Is David Cameron a hawk or a dove? And how useful is that question anyway? I suspect the answers are "more of a hawk than not" and "not much". The Prime Minister has not, shall we say, been at his best vis a vis Libya. Then again, foreign policy is not his longest-suit as anyone who recalls his reckless – and pointless – response to the mini-crisis in South Ossettia. His Dash to Tbilisi was straight from the pages of the John McCain Foreign Policy Manual, substituting feel-good sloganising and photo ops for measured calculations of both the national interest and anything Britain could practically or usefully do.
Something similar may be said of his call earlier this week for a No-Fly Zone across the skies above Libya. Since he has neither the opportunity nor the capability to enforce any such policy it might have been wise for the Prime Minister to consult with allies before, not after, he spoke. As Brother Korski notes in a typically astute post A no-fly zone may be a start, but policy-makers would do well to think through what kind of subsequent steps they are willing to take.
And there’s the rub. Even if a NFZ didn’t require the immediate targetting of Libya’s air defence networks it is at best a half-measure and almost certainly the first step towards further measures. Tom Ricks has a good post listing six objections to a NFZ but the main one is that it is, by definition, an act of war. That has consequences.
Suppose you enforce a NFZ but that Gaddafi continues to attack the rebels, only using ground troops rather than planes. Are we saying that, now that we’re refereeing the fixture, this is a legitimate tactic? In other words, the problem with Gaddafi’s use of aircraft is not that he’s killing his opponents but that he’s killing them too efficiently and we think it sporting to level the playing field somewhat? Are we really proposing to circle overhead while Libya’s civil war escalates, carefully monitoring the situation to ensure no-one gets carried away? This seems preposterous and morally dubious too.
Which in turn means we’d need to be prepared for air strikes and, quite possibly, the use of ground troops. Where will those troops come from? What will they actually be asked to do? How long would we be prepared to remain in theatre?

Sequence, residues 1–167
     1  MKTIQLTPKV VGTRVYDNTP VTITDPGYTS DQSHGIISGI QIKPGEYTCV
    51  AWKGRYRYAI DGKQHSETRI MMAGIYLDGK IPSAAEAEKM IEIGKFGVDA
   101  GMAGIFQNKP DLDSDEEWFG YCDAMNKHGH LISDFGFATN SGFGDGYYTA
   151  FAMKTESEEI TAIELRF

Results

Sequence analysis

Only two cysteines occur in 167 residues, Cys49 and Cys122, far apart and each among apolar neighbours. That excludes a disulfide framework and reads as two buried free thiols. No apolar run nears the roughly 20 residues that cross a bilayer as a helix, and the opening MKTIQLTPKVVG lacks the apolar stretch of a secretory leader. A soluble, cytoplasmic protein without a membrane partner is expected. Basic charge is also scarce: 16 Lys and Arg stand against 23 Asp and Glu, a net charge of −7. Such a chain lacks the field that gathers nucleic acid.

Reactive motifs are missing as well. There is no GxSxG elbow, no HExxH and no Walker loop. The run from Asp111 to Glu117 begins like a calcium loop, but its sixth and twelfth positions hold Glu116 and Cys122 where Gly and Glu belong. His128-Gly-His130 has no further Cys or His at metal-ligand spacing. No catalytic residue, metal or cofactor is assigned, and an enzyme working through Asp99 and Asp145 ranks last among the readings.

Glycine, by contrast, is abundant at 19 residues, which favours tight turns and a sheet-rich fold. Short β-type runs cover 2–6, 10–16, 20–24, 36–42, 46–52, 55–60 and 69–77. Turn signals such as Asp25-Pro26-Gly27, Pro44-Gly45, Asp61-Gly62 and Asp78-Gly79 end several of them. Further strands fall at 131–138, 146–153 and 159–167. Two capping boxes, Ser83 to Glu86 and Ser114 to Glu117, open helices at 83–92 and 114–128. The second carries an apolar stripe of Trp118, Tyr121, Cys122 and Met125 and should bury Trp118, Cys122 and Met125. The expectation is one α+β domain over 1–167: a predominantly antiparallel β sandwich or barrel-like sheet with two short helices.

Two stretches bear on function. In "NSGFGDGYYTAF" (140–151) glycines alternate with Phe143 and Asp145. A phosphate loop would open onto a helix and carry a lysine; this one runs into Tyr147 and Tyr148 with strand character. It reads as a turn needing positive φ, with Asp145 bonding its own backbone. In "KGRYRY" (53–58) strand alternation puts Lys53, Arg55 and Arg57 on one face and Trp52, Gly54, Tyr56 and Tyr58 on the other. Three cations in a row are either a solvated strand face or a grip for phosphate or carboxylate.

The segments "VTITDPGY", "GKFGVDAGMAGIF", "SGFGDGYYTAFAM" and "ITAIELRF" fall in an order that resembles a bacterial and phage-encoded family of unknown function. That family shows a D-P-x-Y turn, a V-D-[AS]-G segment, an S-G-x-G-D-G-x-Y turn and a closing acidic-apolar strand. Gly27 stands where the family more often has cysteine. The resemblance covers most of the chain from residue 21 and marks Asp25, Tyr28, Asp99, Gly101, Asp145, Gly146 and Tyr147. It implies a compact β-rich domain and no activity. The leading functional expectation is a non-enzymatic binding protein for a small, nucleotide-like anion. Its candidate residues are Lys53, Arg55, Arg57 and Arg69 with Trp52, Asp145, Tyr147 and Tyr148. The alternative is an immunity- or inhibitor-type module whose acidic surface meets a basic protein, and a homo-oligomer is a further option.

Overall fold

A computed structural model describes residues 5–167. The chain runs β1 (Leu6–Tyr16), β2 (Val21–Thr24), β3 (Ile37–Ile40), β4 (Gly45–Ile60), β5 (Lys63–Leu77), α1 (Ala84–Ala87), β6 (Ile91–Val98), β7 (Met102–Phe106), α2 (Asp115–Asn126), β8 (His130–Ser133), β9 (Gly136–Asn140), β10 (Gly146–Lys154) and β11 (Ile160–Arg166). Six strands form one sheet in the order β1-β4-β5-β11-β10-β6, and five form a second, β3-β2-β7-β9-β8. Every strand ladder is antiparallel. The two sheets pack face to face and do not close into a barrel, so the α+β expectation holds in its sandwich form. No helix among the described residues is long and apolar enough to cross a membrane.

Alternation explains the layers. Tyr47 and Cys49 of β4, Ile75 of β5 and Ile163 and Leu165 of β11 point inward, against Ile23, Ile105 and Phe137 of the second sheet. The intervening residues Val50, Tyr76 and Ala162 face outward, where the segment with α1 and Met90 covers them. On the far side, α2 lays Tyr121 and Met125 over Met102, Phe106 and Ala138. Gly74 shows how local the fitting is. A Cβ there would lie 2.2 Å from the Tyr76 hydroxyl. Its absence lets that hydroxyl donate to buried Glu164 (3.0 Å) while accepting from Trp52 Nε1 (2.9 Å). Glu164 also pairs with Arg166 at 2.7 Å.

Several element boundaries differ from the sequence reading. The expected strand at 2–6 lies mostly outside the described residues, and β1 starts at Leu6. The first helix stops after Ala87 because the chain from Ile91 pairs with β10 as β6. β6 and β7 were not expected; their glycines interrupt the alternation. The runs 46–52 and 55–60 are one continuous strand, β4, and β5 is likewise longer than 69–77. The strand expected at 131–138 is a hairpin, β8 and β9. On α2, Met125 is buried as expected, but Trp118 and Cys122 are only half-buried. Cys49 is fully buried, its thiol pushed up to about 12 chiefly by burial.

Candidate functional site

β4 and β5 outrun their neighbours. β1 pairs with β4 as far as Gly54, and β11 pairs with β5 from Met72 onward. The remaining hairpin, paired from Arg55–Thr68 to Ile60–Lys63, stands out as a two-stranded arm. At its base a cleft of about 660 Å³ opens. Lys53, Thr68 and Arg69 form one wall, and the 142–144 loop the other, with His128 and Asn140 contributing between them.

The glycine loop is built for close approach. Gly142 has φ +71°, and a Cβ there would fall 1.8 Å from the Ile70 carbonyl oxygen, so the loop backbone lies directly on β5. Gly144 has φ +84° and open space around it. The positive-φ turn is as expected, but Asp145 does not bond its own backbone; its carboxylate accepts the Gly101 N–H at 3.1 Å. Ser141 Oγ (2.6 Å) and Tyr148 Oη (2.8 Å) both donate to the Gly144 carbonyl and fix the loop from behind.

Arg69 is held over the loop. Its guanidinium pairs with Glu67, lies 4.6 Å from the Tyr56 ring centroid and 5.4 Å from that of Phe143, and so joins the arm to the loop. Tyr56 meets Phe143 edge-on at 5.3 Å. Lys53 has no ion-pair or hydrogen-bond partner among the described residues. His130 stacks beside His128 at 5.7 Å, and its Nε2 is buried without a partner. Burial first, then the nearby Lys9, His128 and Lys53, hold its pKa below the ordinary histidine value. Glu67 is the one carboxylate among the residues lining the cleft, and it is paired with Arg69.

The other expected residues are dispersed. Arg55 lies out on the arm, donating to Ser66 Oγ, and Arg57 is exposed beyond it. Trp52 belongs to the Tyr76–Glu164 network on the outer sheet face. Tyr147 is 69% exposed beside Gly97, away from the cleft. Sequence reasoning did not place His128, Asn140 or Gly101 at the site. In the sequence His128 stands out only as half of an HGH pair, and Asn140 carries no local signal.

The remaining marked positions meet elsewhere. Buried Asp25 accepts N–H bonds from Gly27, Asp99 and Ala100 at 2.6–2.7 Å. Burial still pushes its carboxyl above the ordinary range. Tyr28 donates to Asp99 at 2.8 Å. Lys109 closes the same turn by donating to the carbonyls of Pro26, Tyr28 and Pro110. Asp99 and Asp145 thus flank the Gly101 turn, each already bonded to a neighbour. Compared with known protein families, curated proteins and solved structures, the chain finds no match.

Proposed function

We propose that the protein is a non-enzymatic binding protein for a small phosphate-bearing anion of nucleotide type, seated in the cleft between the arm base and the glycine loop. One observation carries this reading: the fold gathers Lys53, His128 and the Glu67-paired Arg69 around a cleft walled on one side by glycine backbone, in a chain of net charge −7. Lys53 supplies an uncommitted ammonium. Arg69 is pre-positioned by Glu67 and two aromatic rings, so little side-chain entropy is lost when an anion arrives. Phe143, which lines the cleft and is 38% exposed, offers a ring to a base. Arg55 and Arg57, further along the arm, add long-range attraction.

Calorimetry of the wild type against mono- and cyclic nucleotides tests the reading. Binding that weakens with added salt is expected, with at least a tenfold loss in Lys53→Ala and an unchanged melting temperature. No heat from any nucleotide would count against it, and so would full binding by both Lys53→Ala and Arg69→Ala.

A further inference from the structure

Meanwhile, Ben Brogan frets that the real problem is that too many people are too cautious about using force.
Arguably, what should be exercising us just as much is the argument that Jim Murphy, the thoughtful shadow defence secretary, has begun to sketch out. In an age where the pain and cost of British entanglements in Iraq and Afghanistan have sapped the public and political will for armed intervention, how does one make the case for using force? The horrified reaction to Mr Cameron’s sabre-rattling may be justified by the amateurishness shown by his government. But it should also worry us that a country and a political class that used to be at ease with the idea of projecting force now gets the vapours the minute someone suggests it.
This, I sense, is the dilemma that will dog Mr Cameron. We invested our treasure in Afghanistan and Iraq, for no obvious return. Now we want to bring what’s left home, and lock it in the vault, far from harm. Yes, financial circumstances of our own making mean that we would struggle to mount a substantial operation, even if we wanted to. But the real danger is not that Mr Cameron has suddenly developed a Blair-like desire to meet our responsibilities abroad – it’s that the rest of us no longer want to.
If I have this right, Brogan is suggesting that having "invested our treasure" in two recent wars "for no obvious return" (a questionable proposition, to be sure, but never mind) the problem is now that there’s a reluctance to get involved in a third adventure that offers little in the way of any obvious return? And the "real danger" is that the political class lacks the toughness, gumption and boldness to pursue an expedition that’s fraught with difficulty and, in any case, beyond our likely capabilities? Gimme a break.
Afghanistan was, or became, a treaty obligation and Iraq was a special case. I doubt many people in Britain really, deep down, think Libya is any part of "our responsibilities abroad". It’s not – or should not be – some kind of machismo test. I doubt, in any case, whether the public is as frit as Brogan suggests it must be; rather it’s wary of adventures based on little more than a sense that since terrible things are happening something must be done about them and we must be some of the people to do something about it.
If Libya were a more important country matters might be different. But it isn’t and they aren’t. That doesn’t mean approving of Gaddafi or wishing him luck. Far from it. But if Afghanistan and Iraq have soured the public on fresh wars then the public is probably reacting rationally and those parts of the political class urging robust intervention should at least be expected to say what they mean by intervention, how it may be done and where it may actually lead.